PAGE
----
A gunman armed with an AK-47 who shot and nearly killed a West Philadelphia deli owner in May 2018 — a case that became a cause célèbre in the public feud between U.S. Attorney William M. McSwain and District Attorney Larry Krasner — pleaded guilty Tuesday to federal charges of attempted robbery and carrying and using a firearm in a crime of violence.

Jovaun Patterson, 30, dressed in a forest-green prison jumpsuit, smiled to relatives upon entering the federal courtroom in Philadelphia. He faces a March 25 sentencing hearing before U.S. District Judge Mitchell Goldberg.

Assistant U.S. Attorney Salvatore Astolfi told Goldberg that under a plea agreement with the defense, the government will recommend a sentence of 14 years and three months in federal prison, followed by five years of supervised release. He said afterward that the recommendation is within federal sentencing guidelines.

Goldberg noted that he is not bound by the recommendation and has not determined Patterson’s sentence.

Assistant U.S. Attorney Salvatore Astolfi speaks to reporters after Jovaun Patterson's guilty plea hearing at the federal courthouse on Market Street on Tuesday, Dec. 17, 2019.
MICHAEL BRYANT / Staff Photographer
Assistant U.S. Attorney Salvatore Astolfi speaks to reporters after Jovaun Patterson's guilty plea hearing at the federal courthouse on Market Street on Tuesday, Dec. 17, 2019.

The case became a rallying cry for McSwain, whose office charged Patterson after he pleaded guilty last year in city court and was sentenced to 3½ to 10 years in state prison under a deal negotiated by Krasner’s office.

That plea deal before Common Pleas Court Judge Rayford Means stunned the victim, Mike Poeng, because he was not notified of it by the district attorney in violation of the Pennsylvania Crime Victims Act. Patterson’s sentence was also criticized as too lenient by many in law enforcement and by Poeng and his family.

The District Attorney’s Office at first defended Patterson’s sentence, with a spokesperson calling it “wholly appropriate.” After The Inquirer questioned the plea deal, the office in December 2018 sought to have it vacated.

Citing public safety concerns, McSwain on Feb. 28 announced that a grand jury had indicted Patterson on federal charges. McSwain contended that Krasner’s policies, including giving “sweetheart deals to violent defendants,” emboldened criminals on the street to “think they can literally get away with murder.”

Patterson’s is the only case during Krasner’s tenure in which federal prosecutors have filed charges after a conviction and sentence in the city court system. The unusual move is allowed by the U.S. Justice Department if a matter involves a “substantial federal interest,” the state prosecution is deemed inadequate, and the alleged conduct is also a federal offense.

In a statement after Tuesday’s plea, McSwain said: “Violent crime is a severe and growing problem in Philadelphia, and fighting that trend is a top priority of my office.” He contended that Krasner “does not share that priority — preferring to look out for violent offenders like Mr. Patterson, who received a ridiculously lenient plea deal. ... ”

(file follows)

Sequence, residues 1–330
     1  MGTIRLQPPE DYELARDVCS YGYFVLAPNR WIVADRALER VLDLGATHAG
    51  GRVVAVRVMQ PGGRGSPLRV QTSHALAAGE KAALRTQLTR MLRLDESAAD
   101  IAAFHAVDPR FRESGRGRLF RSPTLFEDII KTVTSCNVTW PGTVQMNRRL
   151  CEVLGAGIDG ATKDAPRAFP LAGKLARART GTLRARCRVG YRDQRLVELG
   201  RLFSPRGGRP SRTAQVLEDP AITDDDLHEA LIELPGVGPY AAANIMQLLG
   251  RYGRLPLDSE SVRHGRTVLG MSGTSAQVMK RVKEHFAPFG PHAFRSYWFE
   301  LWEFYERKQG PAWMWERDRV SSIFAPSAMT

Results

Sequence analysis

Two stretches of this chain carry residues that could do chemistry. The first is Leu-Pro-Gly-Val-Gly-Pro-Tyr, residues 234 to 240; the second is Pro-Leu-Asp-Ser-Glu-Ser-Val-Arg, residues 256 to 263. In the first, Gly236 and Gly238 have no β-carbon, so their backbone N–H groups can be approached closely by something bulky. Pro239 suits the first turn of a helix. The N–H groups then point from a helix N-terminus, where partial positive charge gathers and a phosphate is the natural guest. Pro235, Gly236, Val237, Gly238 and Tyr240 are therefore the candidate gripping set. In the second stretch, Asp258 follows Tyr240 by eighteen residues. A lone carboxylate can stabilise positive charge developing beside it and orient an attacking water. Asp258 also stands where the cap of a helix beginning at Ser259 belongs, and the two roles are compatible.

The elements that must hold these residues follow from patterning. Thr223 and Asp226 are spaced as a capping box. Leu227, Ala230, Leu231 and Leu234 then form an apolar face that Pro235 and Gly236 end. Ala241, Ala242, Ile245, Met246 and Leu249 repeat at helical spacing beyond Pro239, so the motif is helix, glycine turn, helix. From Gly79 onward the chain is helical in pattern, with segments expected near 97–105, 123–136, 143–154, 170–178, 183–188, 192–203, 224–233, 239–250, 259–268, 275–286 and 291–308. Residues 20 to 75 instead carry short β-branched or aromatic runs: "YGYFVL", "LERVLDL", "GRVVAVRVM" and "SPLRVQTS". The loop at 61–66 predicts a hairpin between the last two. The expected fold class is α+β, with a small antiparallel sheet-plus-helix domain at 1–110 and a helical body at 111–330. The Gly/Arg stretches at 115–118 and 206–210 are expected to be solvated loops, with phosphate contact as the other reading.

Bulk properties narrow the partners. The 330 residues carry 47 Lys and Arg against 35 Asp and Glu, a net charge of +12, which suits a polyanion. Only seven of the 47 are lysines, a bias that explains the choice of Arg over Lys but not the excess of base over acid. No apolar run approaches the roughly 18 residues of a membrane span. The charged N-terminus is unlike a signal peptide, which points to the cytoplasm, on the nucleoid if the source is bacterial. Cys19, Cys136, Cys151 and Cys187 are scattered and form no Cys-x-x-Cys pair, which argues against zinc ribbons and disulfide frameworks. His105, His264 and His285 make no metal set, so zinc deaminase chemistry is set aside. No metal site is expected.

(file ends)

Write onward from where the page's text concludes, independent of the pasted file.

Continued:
Krasner’s spokesperson, Jane Roh, responded: “Our office has previously stated that federal charges in this matter are welcome. We will not, however, engage in Trump appointee William McSwain’s fact-free grandstanding as he attempts to elevate his political profile.”

Astolfi, chief of the U.S. Attorney’s Violent Crime Unit, told the judge that the AK-47 has not been recovered.

Patterson shot Poeng, then 50, who was washing his car outside his deli, KCJ Inc. at 54th and Spruce Streets, about 1:30 p.m. May 5, 2018. Patterson, a regular customer who lived on the 5400 block of Delancey Street, strolled up to Poeng with the AK-47 and said, “‘Get inside, this is a stickup,’” Astolfi said in court.

Poeng — who arrived in the United States in 1981 as a refugee from Cambodia’s killing fields — fought back, but Patterson shot him in the groin and fled. After the shooting, which was caught on surveillance video, Poeng could not work and had to give up the store.

Poeng was not in court Tuesday, but was informed by federal prosecutors of the plea hearing. He said he and his family have moved out of the city for his children’s safety.

In phone interviews Tuesday, Poeng said that he was “happier” with the federal prosecutors’ plea agreement. He thanked McSwain and Astolfi, saying that “they didn’t give up.”

Poeng said his condition has improved, but he still has not been able to work again. When he goes outside, he can now walk with a cane instead of having to use a wheelchair. Inside his home, he has been taking “baby steps” to walk on his own.

Mike Poeng on Feb. 28, 2019, after the U.S. Attorney's news conference announcing federal charges against Jovaun Patterson. His brother Sam Poeng is behind him, pushing the wheelchair.
JESSICA GRIFFIN / Staff Photographer
Mike Poeng on Feb. 28, 2019, after the U.S. Attorney's news conference announcing federal charges against Jovaun Patterson. His brother Sam Poeng is behind him, pushing the wheelchair.

Poeng’s brother Sam attended Tuesday’s hearing, but declined to comment afterward. Defense attorney S. Philip Steinberg also declined to comment.

Means in August had granted a request by Steinberg allowing Patterson to withdraw his guilty plea. Because of that, Patterson does not face the 3½-to-10-year state prison sentence. But the District Attorney’s Office appealed Means’ decision to the state Superior Court, which has yet to rule.